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Accession Number PB2014-104538
Title FY 2010 Congressional Budget Request Science, (Volume 4).
Publication Date May 2009
Media Count 486p
Personal Author N/A
Abstract The Office of Science request for Fiscal Year (FY) 2010 is $4,941,682,000, an increase of $184,046,000, or 3.9%, over the FY 2009 appropriation of $4,757,636,000. Excluding Congressionally-directed projects and a reduction for use of prior year balances in FY 2009, the request is an increase of $262,733,000, or 5.6%, over the comparable FY 2009 level of $4,678,949,000. The mission of the Office of Science is the delivery of scientific discoveries and major scientific tools to transform our understanding of nature and to advance the energy, economic, and national security of the United States. A key strategy for accomplishing this mission and a hallmark of the Office of Science and its predecessors for more than six decades has been the support of fundamental science challenges and projects that are of great scale. The earliest example is the Manhattan Project, created to address a critical national security need during World War II. Today, the Office of Science continues this tradition by supporting significant major projects and preeminent national scientific user facilities to study the smallest constituents of matter, including some bits like dark matter, which are seen only indirectly by observing their influences; the most fleeting subatomic, atomic, molecular, and chemical transitions; and the atomic structure-function relationships of biological and inorganic materials that make up our observable worldall to transform our understanding nature and to use this new understanding to address the Department of Energys missions in energy, economic, and national security. Over past two decades, these activities have helped spur the worldwide scientific revolutions in nanotechnology, biotechnology, and high-performance computing. Together, these revolutions provide the practical basis for addressing the Departments missions. Coming late in the 20th century, these revolutions are a fitting close to a century that began with the unraveling of the microscopic constituents of matter and the development of quantum mechanics, which describes how and why the very small world behaves differently from our macroscopic world.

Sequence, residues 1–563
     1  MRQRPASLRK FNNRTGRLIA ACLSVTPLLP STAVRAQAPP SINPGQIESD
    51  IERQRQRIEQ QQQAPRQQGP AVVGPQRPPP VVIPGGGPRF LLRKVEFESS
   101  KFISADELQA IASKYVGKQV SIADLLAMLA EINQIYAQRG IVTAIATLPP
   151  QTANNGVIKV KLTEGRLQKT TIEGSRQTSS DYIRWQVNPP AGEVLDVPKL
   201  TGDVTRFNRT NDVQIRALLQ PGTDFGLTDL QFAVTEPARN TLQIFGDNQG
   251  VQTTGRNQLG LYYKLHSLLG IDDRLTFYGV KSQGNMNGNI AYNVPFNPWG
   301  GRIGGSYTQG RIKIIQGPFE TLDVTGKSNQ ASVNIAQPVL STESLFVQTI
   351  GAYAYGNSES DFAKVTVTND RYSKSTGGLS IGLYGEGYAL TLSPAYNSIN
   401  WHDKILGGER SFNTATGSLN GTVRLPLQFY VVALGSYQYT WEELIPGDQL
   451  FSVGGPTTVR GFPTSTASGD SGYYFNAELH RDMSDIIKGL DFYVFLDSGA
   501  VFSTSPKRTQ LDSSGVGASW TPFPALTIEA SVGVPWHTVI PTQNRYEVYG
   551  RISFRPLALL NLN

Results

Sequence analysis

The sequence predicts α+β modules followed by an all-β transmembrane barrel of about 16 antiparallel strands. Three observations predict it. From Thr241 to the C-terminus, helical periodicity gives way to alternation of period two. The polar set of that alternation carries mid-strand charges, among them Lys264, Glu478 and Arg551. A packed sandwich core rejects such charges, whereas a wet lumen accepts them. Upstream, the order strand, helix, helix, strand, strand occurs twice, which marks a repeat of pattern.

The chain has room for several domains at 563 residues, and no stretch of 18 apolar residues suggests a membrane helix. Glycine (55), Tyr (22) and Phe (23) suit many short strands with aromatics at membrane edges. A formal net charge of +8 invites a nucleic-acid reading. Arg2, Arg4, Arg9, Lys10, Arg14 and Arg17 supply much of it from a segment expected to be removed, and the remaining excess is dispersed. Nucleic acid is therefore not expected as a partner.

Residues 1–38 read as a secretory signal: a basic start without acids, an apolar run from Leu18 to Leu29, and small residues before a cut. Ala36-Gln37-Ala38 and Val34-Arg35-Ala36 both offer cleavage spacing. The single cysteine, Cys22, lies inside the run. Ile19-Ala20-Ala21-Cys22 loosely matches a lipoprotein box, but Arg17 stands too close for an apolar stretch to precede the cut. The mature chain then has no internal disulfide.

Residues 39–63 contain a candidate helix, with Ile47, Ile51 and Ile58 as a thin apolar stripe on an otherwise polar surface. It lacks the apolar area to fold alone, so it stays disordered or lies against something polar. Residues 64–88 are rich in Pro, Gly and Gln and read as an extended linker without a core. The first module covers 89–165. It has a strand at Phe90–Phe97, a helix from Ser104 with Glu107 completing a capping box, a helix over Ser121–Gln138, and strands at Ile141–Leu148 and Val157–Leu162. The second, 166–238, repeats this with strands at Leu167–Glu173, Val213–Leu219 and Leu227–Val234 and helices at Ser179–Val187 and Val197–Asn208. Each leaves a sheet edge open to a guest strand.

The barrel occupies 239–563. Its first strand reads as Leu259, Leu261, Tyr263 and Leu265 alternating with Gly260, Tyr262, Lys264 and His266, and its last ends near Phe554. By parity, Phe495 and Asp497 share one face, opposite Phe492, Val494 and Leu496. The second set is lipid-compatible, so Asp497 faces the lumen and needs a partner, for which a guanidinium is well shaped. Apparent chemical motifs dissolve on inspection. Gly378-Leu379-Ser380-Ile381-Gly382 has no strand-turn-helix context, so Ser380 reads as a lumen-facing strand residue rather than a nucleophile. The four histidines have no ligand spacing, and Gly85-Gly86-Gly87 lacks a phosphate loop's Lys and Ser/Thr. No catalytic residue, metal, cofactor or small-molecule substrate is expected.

Keywords Budgets
Global aspects
Research and development
Technology innovation

Source Agency Technical Information Center Oak Ridge Tennessee
NTIS Subject Category 70B - Management Practice
70E - Research Program Administration & Technology Transfer
70F - Public Administration & Government
97 - Energy
97G - Policies, Regulations & Studies
Corporate Author Department of Energy, Washington, DC.
Document Type Technical report
Title Note N/A
NTIS Issue Number 1411
Contract Number N/A

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